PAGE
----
Unfortunately, people who suffer mental health challenges are often twice burdened when they are not met with understanding, compassion, and supportiveness. Never tell someone with a mental illness, “Pull yourself together” or anything like that. (You would never say that to someone with cancer or multiple sclerosis, right?)

Could you be suffering from anxiety?

Over the last two months, how often have you been bothered by the following problems? (circle the one that fits best.)

Not at all

Several days

More than half the days

Nearly every day

1. Feeling nervous, anxious, or on edge





2. Not being able to stop or control worrying





3. Worrying too much about different things





4. Trouble relaxing





5. Being so restless that it is hard to sit still





6. Becoming easily annoyed or irritable





7. Feeling afraid as if something awful might happen










Total Score





If your total score is 10 or higher, you may have an anxiety disorder that should be treated, and you should seek evaluation by a doctor or psychologist. If your score is lower, you may still be in need of support and help.

Source: Robert L. Spitzer et al., “GAD-7” (Generalized Anxiety Disorder) anxiety screener, https: //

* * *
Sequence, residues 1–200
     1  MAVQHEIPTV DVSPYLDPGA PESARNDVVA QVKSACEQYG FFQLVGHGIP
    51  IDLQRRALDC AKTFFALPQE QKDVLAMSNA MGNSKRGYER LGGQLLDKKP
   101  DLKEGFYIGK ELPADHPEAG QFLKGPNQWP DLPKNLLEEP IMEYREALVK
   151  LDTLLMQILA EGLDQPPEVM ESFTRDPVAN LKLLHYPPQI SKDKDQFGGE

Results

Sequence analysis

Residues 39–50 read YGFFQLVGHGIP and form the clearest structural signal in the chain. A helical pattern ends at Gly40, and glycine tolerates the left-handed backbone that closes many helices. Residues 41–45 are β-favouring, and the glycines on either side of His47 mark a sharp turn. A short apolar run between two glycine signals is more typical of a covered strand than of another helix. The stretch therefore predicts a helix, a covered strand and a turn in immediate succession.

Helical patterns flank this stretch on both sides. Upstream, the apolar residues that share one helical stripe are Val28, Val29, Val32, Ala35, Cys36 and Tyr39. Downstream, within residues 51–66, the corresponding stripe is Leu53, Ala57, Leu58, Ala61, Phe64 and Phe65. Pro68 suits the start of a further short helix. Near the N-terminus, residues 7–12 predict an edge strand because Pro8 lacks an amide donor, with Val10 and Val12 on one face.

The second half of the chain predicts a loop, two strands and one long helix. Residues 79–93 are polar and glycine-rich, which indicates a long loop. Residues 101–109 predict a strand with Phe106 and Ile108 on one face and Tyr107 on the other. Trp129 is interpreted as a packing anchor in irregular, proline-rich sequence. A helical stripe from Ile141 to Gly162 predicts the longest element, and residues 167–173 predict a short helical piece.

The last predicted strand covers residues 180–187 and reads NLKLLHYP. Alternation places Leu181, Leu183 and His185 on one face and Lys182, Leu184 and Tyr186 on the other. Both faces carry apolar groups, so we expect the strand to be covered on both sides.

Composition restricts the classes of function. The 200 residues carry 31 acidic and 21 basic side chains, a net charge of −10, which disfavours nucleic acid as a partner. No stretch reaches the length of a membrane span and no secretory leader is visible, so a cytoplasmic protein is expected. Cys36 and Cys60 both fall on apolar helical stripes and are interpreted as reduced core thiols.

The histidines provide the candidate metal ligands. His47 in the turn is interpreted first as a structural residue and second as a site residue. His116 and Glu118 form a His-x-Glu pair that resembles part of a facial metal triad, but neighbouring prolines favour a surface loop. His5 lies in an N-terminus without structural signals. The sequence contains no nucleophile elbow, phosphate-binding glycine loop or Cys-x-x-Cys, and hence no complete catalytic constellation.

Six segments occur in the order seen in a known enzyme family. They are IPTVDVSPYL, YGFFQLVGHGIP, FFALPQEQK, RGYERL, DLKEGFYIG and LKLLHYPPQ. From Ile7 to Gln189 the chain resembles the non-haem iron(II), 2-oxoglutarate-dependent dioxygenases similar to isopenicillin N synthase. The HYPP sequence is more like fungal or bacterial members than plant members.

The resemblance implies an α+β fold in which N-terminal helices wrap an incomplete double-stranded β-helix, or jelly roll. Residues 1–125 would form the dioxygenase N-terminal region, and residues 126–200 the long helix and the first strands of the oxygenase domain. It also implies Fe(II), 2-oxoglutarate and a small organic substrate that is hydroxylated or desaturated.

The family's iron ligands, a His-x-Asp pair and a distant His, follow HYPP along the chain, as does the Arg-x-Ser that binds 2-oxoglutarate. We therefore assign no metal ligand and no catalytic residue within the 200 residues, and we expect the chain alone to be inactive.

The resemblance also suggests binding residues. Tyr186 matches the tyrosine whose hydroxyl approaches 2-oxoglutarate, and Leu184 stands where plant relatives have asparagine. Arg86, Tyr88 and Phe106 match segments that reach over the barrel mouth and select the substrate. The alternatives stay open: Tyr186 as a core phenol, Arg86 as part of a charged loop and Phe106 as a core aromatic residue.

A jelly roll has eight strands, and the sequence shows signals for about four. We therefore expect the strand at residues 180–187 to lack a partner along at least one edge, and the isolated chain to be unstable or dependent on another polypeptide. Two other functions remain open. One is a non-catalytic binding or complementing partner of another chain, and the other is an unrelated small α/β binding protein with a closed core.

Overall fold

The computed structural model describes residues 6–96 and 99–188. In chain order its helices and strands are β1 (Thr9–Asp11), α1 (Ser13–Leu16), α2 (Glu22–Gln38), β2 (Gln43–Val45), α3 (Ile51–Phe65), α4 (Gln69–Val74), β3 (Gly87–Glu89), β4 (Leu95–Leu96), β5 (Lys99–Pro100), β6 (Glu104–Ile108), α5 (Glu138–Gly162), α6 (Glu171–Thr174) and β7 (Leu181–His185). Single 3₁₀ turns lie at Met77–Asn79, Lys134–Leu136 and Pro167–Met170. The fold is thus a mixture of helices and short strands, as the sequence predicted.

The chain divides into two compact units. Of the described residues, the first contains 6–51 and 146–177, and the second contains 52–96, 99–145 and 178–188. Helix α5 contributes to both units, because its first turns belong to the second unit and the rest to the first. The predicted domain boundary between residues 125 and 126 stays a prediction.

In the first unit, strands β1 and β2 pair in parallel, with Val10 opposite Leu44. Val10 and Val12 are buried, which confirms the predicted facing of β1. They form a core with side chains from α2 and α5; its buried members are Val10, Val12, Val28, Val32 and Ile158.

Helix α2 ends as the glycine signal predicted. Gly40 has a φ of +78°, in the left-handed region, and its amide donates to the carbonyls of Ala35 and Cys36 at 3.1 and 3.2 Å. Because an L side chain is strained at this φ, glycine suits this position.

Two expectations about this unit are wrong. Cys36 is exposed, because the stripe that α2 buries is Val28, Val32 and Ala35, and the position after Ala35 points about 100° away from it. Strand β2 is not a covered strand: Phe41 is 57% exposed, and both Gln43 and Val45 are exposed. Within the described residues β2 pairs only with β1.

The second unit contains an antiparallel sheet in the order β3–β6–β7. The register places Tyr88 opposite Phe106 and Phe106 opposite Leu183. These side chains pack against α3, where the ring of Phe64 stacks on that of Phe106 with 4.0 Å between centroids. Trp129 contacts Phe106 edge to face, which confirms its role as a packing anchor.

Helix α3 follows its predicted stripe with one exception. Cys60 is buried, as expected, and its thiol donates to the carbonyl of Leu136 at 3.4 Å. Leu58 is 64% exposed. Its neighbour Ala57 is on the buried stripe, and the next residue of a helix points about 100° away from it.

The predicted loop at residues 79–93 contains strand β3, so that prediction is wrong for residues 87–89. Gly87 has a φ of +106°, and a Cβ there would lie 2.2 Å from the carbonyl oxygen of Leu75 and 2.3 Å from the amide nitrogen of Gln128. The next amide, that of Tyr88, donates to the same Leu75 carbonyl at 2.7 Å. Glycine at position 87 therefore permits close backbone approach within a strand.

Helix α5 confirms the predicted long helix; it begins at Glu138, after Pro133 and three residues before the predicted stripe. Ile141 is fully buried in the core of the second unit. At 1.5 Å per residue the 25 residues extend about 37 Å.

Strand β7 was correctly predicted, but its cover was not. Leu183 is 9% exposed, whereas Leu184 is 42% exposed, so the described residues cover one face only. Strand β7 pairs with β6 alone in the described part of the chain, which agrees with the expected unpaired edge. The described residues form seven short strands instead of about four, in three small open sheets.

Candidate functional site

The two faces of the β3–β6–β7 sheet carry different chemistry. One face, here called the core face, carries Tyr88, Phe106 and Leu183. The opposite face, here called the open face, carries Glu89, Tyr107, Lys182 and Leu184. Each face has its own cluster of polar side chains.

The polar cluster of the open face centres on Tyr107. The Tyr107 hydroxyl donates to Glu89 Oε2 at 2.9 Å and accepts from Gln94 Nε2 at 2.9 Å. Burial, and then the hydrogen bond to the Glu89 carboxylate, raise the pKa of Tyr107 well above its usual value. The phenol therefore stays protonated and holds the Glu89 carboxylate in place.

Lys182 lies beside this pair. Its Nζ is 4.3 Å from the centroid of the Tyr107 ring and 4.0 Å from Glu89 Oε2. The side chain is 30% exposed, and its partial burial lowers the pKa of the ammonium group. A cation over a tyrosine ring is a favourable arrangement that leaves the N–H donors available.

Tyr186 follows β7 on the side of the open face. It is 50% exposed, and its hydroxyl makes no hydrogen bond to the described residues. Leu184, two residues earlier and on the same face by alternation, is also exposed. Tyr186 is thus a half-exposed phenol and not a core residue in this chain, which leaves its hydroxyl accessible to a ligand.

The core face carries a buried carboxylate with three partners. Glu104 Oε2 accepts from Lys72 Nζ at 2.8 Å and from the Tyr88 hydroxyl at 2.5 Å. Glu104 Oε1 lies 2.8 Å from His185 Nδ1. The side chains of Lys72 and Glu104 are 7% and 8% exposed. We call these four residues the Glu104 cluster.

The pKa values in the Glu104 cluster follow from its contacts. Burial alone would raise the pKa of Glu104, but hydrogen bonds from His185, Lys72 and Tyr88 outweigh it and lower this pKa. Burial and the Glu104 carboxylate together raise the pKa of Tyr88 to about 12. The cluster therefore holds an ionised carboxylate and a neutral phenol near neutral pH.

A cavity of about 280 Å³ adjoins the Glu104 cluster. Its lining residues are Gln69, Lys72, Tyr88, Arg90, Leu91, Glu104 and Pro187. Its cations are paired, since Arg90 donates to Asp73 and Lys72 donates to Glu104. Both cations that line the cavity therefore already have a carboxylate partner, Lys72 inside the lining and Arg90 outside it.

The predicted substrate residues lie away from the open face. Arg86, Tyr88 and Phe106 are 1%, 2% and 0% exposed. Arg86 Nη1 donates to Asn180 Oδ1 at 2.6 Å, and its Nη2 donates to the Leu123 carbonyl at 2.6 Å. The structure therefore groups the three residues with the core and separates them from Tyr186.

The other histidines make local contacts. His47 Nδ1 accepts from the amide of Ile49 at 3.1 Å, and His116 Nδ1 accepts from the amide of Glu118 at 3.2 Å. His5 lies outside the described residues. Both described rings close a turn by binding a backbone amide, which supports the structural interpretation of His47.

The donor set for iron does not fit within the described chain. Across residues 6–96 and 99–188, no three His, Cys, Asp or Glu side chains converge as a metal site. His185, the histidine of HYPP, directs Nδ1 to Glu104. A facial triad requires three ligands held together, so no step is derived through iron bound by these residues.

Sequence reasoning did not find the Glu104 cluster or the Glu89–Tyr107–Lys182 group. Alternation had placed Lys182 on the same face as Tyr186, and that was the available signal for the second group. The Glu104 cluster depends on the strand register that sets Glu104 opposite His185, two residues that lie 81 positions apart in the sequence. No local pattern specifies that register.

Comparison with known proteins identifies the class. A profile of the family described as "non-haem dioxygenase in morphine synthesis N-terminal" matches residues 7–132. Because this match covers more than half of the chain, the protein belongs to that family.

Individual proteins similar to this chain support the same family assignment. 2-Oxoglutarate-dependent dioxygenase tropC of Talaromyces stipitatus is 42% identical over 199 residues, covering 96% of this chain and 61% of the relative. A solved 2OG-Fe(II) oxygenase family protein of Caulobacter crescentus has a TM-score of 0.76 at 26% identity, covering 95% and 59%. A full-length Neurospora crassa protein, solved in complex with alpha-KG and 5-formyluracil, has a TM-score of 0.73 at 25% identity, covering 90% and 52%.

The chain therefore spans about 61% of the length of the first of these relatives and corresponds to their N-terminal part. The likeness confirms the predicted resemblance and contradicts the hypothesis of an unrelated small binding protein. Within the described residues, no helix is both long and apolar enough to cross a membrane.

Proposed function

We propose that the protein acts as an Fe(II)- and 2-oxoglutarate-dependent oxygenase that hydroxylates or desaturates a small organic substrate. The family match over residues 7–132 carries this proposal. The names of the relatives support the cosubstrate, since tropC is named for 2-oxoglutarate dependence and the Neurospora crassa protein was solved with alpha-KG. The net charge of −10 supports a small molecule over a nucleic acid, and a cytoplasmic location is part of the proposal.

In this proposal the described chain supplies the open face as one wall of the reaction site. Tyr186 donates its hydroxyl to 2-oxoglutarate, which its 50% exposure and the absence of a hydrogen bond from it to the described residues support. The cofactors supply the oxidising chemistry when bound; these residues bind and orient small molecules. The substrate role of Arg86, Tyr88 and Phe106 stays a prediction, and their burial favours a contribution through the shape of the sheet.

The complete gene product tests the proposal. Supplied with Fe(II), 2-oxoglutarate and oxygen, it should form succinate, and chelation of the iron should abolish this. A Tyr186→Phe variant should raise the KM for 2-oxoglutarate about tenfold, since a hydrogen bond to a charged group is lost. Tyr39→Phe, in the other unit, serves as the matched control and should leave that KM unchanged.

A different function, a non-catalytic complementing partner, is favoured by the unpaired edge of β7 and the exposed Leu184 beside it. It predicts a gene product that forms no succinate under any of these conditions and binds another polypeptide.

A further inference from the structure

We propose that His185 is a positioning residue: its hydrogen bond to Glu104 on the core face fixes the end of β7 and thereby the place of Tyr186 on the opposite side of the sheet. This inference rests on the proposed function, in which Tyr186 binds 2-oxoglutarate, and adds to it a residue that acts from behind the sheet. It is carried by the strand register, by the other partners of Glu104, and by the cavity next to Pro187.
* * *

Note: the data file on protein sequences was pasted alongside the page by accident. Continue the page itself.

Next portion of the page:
2. A mental illness is not some-thing you simply snap out of. Try to understand and respect that there are always significant reasons why someone develops a mental illness. 

Many people around you have painful stories and are fighting battles that you know nothing about. We often take health for granted; but that is a mistake. We live in a fallen, broken, and sinful world; sickness and dysfunction, consequently, are to be expected. Sooner or later, something will happen to all of us.

3. Mental illnesess should not be equated with spiritual problems. Mental health and spiritual health are not one and the same. As the body may become sick, even despite the person being spiritually sincere and devout, so can the mind. The mind is, after all, a bodily function and, thus, is subject to human infirmities and hardships as well.  

Sure, good spiritual health may make you mentally stronger, as being physically and socially healthy can do too. But be careful not to add to the sufferer’s burden by accusing the sufferer of spiritual failure. Rather, as Jesus would do—of whom Isaiah said that “a bruised reed He will not break and a dimly burning wick He will not 

extinguish” (Isa. 42:3, NASB)—carry the sufferer’s burden (Gal. 6:2). Treat others with the same kindness that you would like to be treated with. Likewise, treat yourself with the kindness that you would treat others with. 

Just trying to keep it together

From the day we are conceived until the day we die, we are constantly exposed to threats: germs, toxins, dysfunctional genes, malnutrition, violence, accidents—the list goes on. 

Our health and well-being depend on our ability and capacity to resist and withstand these threats. Without well-developed and sophisticated defense systems, our physical and mental health will soon succumb to the reality of our fallen world. We are at risk whenever these defense systems prove to be deficient or overwhelmed.

Could you be suffering from depression?

Over the last two months, how often have you been bothered by the following problems? (circle the one that fits best.)

Not at all

Several days

More than half the days

Nearly every day

1. Little interest or pleasure in doing things





2. Feeling down, depressed, or hopeless